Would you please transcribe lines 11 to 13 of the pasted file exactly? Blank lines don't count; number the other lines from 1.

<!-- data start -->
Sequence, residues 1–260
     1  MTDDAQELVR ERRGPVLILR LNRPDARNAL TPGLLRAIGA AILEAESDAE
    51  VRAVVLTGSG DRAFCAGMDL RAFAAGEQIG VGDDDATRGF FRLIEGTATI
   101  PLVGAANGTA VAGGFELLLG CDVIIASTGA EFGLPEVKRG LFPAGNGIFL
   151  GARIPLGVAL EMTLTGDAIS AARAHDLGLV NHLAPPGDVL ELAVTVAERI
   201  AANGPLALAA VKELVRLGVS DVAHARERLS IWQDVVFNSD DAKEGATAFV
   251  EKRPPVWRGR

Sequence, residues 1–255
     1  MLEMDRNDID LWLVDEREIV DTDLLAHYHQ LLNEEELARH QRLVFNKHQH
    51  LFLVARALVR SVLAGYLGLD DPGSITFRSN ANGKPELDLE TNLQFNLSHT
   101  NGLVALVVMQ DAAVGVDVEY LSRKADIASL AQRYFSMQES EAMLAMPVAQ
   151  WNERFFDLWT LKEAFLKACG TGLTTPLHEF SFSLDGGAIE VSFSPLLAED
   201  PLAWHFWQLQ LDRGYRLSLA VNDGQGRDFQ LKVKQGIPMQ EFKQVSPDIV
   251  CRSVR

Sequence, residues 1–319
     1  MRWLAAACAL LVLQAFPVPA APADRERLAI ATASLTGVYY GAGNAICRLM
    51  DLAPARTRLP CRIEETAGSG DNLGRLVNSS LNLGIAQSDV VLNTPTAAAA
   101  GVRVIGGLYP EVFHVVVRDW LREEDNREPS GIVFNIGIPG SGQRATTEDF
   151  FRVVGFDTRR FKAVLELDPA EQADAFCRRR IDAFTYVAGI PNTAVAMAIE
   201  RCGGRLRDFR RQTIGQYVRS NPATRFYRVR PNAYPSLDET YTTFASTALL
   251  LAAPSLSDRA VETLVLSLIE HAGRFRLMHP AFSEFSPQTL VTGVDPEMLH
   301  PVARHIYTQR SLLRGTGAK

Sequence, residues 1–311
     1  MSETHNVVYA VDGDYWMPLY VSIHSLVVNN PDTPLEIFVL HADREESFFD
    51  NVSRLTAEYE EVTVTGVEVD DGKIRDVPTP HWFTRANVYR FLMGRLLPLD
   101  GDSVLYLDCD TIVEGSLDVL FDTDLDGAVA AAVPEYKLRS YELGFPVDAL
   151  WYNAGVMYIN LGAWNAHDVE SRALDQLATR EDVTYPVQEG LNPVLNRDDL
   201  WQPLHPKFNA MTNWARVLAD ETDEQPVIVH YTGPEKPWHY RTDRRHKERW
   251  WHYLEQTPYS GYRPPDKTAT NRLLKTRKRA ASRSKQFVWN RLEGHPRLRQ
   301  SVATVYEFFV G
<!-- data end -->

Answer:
   101  NGLVALVVMQ DAAVGVDVEY LSRKADIASL AQRYFSMQES EAMLAMPVAQ
   151  WNERFFDLWT LKEAFLKACG TGLTTPLHEF SFSLDGGAIE VSFSPLLAED
   201  PLAWHFWQLQ LDRGYRLSLA VNDGQGRDFQ LKVKQGIPMQ EFKQVSPDIV